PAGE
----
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Gutslit take their brash brutality to the max with their death metal album, “Carnal”

Gutslit claimed their place in the Indian metal scene long ago. Every live show has been a performance to remember, they are the siphon of energy the concerts need. In the 4 times I have seen them live, I remember moshing in every one of the concerts. Only brutal death metal of the highest quality can make me do that. Now there is another reason to celebrate, with their latest album, Carnal. This is raw rage, revisited. 

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Gutslit undergo metal renaissance

When Matriarch released, we knew we’ll be in for a treat. Opening their album with Son of Sam-they keep the blistering riff attack to the maximum. The double bass is as crisp as the riff, while even changes make enough space to headbang. The rising riff, is something you’ll want to growl to, whether you want to or not. 

One of the best riffs of the album is featured in Matriarch. There are thrash pockets that define their decisions for the attacks to be as primal as they are. A Dying Fetus like slide riff development gives into the chorus, the highlight of the song. Bind Torture Kill features Julien Truchan from Benighted. The tone is deeper, darker-with some solo instrument sections that keep the vocals in the spotlight. The Killing Joke gives us Gutslit at one of their most dynamic. The multi-stringed riff creates a swirling death pit that you’d want to immerse yourself in. Aditya Barve gives us vocals of all ranges, from growls to fry screams that will echo for hours in your head.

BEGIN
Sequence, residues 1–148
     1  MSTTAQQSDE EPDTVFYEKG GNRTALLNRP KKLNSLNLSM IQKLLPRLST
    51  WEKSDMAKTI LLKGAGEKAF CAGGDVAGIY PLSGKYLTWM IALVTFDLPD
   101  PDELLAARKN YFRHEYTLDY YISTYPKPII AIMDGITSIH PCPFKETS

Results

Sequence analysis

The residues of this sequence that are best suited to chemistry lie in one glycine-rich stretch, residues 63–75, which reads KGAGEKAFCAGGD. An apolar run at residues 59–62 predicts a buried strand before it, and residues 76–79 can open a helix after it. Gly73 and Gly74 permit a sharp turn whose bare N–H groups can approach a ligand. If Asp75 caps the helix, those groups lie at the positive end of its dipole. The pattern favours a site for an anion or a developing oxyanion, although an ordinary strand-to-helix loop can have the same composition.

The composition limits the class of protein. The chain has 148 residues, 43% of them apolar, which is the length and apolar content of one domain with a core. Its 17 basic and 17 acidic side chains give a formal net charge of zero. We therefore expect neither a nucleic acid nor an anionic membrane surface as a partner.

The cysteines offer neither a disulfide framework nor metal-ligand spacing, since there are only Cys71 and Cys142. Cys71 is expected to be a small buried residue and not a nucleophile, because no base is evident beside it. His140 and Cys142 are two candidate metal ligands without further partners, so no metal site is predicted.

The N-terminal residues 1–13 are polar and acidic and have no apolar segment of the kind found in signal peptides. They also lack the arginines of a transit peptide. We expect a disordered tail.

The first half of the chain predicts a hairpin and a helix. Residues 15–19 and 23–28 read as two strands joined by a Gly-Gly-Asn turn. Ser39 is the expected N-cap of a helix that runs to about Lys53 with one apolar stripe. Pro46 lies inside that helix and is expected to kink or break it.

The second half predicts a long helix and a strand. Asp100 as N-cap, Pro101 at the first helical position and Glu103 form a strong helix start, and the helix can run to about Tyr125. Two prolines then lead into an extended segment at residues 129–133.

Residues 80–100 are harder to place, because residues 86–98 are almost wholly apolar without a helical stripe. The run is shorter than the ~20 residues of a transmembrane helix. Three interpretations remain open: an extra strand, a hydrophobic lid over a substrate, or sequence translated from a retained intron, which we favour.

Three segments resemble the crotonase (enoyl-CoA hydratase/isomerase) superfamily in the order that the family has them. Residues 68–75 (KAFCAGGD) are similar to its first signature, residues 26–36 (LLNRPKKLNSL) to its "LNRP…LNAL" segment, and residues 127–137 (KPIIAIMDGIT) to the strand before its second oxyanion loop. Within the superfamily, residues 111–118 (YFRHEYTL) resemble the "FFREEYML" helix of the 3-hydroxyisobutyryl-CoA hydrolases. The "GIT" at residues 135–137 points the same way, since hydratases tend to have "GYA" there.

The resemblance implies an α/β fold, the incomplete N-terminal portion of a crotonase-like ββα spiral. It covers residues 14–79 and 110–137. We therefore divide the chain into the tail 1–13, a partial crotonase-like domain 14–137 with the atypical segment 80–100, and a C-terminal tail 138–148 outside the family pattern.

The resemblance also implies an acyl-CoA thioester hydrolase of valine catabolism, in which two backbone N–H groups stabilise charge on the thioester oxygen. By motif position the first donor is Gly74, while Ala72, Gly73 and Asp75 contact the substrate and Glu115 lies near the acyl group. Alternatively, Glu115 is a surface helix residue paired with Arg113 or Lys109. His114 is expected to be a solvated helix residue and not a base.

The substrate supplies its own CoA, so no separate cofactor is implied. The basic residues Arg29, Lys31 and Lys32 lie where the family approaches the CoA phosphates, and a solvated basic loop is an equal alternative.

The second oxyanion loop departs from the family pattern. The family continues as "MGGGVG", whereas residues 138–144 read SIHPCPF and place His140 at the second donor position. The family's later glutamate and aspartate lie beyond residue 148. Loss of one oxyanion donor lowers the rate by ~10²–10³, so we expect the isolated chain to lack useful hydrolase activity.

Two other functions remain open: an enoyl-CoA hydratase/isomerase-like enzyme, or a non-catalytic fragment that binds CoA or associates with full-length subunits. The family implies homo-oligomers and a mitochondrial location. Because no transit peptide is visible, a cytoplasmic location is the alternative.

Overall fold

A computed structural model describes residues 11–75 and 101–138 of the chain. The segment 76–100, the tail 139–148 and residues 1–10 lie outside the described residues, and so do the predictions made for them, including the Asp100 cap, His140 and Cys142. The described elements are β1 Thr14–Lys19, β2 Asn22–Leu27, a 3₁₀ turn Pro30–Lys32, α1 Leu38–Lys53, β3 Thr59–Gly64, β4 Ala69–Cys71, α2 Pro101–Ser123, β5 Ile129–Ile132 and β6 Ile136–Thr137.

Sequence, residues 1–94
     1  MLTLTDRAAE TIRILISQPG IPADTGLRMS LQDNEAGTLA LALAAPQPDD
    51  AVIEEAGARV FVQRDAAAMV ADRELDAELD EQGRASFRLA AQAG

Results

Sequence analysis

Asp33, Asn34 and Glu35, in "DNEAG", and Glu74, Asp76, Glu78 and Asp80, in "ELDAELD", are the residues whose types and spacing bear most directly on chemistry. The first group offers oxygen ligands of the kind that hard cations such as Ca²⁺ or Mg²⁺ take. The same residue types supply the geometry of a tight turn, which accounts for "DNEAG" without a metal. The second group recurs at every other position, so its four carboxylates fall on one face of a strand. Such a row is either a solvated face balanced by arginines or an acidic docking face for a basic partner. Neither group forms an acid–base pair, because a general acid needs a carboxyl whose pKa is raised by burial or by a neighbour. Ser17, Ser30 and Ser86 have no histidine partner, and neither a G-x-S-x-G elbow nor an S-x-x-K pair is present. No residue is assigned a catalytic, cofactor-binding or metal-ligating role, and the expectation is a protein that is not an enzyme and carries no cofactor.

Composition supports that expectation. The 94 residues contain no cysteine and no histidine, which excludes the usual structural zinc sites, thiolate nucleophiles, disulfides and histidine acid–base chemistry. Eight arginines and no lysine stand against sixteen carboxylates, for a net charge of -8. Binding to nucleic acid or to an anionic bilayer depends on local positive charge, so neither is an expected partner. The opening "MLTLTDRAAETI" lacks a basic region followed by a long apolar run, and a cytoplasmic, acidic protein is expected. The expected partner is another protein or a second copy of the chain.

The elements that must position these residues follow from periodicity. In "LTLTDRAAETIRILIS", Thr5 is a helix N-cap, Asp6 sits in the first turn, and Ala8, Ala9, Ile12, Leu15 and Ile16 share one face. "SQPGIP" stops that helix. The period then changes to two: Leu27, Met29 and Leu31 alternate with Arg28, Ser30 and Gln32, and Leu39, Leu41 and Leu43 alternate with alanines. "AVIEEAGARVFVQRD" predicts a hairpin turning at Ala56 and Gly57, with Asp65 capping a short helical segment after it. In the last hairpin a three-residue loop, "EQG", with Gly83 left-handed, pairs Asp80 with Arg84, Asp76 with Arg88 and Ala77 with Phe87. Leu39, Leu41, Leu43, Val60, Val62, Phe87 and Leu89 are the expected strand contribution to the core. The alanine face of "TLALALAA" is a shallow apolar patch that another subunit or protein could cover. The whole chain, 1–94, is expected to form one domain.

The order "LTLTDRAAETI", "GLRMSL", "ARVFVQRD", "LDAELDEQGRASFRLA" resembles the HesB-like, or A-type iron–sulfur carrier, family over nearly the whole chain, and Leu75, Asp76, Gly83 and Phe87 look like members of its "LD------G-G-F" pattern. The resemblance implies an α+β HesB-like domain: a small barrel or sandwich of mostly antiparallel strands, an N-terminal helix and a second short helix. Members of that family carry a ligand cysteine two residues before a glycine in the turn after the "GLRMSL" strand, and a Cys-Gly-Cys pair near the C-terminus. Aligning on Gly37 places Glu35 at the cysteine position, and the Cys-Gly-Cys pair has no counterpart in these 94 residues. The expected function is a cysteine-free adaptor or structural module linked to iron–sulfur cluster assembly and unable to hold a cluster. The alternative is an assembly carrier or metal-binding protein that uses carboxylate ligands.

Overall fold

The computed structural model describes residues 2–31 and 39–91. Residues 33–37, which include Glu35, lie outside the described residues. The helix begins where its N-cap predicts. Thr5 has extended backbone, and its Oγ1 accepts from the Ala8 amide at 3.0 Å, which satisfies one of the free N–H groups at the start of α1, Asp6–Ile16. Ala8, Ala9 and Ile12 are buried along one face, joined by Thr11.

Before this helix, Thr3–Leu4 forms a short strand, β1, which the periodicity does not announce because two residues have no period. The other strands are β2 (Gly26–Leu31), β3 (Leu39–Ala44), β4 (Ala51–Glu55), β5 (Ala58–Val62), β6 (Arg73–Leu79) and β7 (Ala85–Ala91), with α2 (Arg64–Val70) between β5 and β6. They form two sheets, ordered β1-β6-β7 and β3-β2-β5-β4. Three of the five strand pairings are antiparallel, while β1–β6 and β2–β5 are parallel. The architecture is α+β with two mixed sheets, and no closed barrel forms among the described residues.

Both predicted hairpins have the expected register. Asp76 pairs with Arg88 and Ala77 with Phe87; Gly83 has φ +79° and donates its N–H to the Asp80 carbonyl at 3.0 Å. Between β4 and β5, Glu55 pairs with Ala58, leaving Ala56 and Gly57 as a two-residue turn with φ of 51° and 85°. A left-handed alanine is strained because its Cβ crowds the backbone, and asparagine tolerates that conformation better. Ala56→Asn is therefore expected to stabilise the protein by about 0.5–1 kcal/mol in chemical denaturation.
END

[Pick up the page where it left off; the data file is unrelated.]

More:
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It is a riff fuelled storm

Insidious shows you what their precision death metal sounds like when produced this way. In the pockets it slows down, you better recede for the wall of death. Mark Lewis gives their energy a container, no matter how large- Gutslit fill it. Body Snatcher goes Slayer in the opening route, with their own flavour being exuded with the way the riffs are approached. It is a demon summoned, opening the gates for Altar of Putridity.

Their way of writing rhythms has changed tenfold, while keeping the brutal attack they became famous for. It has some of the best riff delivery I have heard in this album, even with the tight transitions. The near epic Primeval closes out the album, with some metalcore-flavoured rhythm riffs. Gurdip Singh Narang, Prateek Rajgopal and Aaron Pinto go hardcore with the rhythm section, designing some of the best background work since Amputheatre

The mistake goes in assuming that Gutslit are making a return. They never left, keeping the scene alive with their devil-draining performances. For Carnal, they put their best foot forward, in every way. It is possible that they have outdone themselves for some time to come. For only they will reclaim the position again:

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Self professed metalhead, moderately well read. If the music has soul, it's whole to me. The fact that my bio could have ended on a rhyme and doesn't should tell you a lot about my personality.

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